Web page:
Hiraki (first performance for a Noh actor, acting an important role) (披き)

Hiraki is what a Nohgakushi (Noh actor) performs for the first time as a shite (a main actor of a Noh play) or a quasi shite role for a certain music, Kyogen (farce played during a Noh play cycle), or hayashi (musical accompaniment played on traditional Japanese instruments). It is only applied in a certain difficult music piece or grand scale music. It is usually handled as a professional performance to show the result of an actor's training, and to be recognized by those close to him or her, that he or she has achieved a certain level of skill.

In the case of a hiraki, sometimes the word 'hiraki' is added to the right of the name of the music in the program. By doing so, it indicates these meanings, first, the program is a presentation of the training result, and secondly, the actor is still lacking in experience and would like the audience to see the performance with the acknowledgment of that fact.

Music that are used as hiraki

Shite-kata (main roles)
While in training: Okina (Old Man) (Okina, Senzai), Shojo Midare (The Disorderly Tipster Sprite), Dojo-ji Temple, Shakkyo (Stone Bridge) (shite, rear tsure [side actor]), Mochizuki (The Full Moon)
Middle age and higher: Sagi (Hernshaw), Sotoba Komachi (Komachi at the Gravepost), Seki-dera Komachi (Komachi at Seki-dera), Omu Komachi (Komachi's Parrot-Answer Poem), Oba Sute (Abandoning an Old Woman), Higaki (Cypress Fence)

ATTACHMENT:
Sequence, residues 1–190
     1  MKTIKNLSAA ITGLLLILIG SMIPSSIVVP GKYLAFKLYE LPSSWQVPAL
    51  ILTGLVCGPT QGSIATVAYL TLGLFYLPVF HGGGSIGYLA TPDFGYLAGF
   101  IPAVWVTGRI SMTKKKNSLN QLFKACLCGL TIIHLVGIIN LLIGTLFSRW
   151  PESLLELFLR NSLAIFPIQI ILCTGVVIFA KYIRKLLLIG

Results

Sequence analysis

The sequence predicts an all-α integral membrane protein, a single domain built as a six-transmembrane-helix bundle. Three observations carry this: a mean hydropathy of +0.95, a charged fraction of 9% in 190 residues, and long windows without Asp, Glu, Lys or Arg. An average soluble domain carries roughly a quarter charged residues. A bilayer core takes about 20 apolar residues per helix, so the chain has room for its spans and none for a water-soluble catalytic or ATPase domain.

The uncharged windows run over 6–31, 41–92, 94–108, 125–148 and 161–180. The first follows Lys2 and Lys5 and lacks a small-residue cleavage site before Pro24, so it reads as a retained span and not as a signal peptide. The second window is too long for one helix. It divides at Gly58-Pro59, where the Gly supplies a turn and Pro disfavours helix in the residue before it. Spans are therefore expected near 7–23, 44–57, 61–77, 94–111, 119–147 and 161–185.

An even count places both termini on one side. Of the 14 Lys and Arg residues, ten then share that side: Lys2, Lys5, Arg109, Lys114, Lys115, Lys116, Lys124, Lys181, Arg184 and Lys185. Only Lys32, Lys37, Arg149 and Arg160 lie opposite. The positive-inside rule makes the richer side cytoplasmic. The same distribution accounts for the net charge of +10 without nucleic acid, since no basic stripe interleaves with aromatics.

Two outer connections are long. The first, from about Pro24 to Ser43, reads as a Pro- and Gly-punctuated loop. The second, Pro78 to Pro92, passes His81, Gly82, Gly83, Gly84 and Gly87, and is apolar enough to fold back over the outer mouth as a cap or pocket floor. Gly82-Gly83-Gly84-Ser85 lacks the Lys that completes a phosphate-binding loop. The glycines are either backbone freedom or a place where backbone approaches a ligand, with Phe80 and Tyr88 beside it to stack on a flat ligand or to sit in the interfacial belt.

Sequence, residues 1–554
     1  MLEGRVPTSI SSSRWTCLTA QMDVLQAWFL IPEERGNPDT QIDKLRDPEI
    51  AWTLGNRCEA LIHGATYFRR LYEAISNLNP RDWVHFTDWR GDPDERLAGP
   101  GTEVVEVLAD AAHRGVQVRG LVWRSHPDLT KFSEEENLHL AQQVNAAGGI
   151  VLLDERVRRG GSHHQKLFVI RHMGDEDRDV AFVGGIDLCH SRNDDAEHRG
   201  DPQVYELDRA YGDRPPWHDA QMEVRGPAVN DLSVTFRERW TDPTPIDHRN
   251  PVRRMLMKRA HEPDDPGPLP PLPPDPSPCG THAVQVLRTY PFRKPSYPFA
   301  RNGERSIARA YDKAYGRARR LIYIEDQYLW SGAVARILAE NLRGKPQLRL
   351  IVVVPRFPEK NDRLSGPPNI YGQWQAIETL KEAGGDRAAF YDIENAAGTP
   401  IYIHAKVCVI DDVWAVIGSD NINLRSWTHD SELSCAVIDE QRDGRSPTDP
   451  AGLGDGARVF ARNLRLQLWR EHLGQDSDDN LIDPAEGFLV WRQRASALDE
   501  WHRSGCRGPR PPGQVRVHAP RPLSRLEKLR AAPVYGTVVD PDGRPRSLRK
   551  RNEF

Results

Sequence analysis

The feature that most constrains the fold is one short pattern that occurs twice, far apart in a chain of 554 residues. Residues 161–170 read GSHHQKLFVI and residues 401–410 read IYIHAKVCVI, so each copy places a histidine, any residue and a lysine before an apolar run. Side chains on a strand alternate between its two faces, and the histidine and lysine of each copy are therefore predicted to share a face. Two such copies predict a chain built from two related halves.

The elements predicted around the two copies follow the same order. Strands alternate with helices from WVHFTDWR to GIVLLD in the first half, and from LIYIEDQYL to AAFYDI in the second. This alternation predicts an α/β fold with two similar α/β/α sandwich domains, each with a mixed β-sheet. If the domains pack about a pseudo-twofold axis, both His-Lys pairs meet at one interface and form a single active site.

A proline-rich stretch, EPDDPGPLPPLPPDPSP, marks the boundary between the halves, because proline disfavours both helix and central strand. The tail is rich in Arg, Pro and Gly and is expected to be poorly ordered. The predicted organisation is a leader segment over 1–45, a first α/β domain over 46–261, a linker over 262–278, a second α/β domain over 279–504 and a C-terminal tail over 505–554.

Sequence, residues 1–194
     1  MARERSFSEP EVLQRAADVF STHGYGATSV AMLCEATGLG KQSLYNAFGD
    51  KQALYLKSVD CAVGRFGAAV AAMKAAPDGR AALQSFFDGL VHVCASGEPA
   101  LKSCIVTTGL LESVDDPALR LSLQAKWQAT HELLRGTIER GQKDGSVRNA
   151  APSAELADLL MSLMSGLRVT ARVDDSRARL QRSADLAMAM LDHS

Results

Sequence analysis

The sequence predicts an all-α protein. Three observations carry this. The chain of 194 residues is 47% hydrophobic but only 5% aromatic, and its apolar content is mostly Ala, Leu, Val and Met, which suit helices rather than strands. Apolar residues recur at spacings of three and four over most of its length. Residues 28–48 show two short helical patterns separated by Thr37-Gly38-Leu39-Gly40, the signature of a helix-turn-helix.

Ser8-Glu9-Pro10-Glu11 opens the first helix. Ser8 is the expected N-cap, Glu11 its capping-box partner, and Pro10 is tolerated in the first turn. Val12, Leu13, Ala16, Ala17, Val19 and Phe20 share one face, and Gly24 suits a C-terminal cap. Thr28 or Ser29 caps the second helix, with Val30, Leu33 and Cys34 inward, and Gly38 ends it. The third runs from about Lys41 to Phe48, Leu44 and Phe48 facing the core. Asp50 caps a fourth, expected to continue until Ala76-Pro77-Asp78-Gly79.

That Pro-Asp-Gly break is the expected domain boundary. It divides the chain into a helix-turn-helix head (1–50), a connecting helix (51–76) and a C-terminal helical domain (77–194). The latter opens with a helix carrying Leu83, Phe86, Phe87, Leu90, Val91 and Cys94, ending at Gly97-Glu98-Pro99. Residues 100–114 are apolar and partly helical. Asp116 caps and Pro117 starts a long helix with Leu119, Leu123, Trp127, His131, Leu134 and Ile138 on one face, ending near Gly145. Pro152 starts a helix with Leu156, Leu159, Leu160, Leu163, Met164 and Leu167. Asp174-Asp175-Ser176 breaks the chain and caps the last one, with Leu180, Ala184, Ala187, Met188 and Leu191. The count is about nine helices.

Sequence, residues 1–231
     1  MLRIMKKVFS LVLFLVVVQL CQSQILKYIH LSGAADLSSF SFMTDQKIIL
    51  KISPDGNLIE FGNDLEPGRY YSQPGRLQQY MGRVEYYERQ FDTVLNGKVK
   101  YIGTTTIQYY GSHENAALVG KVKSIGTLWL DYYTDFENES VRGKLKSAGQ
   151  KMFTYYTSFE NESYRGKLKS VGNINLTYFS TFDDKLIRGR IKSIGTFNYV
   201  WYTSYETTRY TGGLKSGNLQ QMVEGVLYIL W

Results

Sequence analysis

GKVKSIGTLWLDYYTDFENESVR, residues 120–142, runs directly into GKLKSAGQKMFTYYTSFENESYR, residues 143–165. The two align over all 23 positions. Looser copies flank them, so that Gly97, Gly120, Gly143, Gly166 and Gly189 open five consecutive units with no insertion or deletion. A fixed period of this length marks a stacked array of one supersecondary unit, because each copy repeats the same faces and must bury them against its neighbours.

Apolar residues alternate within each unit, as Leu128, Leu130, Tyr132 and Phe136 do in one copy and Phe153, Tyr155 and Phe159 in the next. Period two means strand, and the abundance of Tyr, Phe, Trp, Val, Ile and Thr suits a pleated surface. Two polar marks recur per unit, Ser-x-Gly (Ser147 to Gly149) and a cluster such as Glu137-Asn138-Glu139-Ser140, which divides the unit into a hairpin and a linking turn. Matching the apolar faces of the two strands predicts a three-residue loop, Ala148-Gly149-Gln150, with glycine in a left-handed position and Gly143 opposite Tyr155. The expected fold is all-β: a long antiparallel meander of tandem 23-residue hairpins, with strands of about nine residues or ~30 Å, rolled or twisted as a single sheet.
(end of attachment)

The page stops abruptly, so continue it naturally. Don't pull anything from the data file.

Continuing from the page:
Besides these, the first time performance of a shite-kata (main role of a Noh act) or a masked role is also given much weight, although they are not considered as 'hiraki.'

Waki-kata (supporting actors)
Waki of Choryo

Kyogen-kata (comic actors)
Ai Kyogen (comic interludes): Okina (Chitose, Sanbaso), 'Nasu no Katari' (Narrative in Nasu) in Yashima (Noh).
Hon Kyogen (played independently, this normally is the one generally called Kyogen): Tsuri Kitsune (Fox Trapping), Hanago (Visiting Hanago) (Kyogen), Tanuki no Haratsuzumi (a story of a raccoon and a huntsman), Iori no Ume (Ume at a Nun's Hut), Makuramono Gurui (An Old Man's Love), Bikusada (Bikusada Gets Named)

Hayashi-kata (people who play hayashi, or the musical accompaniment)
Fue (Japanese flute): Kiyotsune's 'Koi no Netori'
Kotsuzumi (shoulder drum): Dojo-ji Temple (Noh) (Ranbyoshi [mad rhythm])
Otsuzumi (hip drum):
Taiko (drum): Tomonaga's 'Senbo' (Penitence)
Since most of the hiraki of hayashi-kata are in common with those of shite-kata, only those that are not common listed here.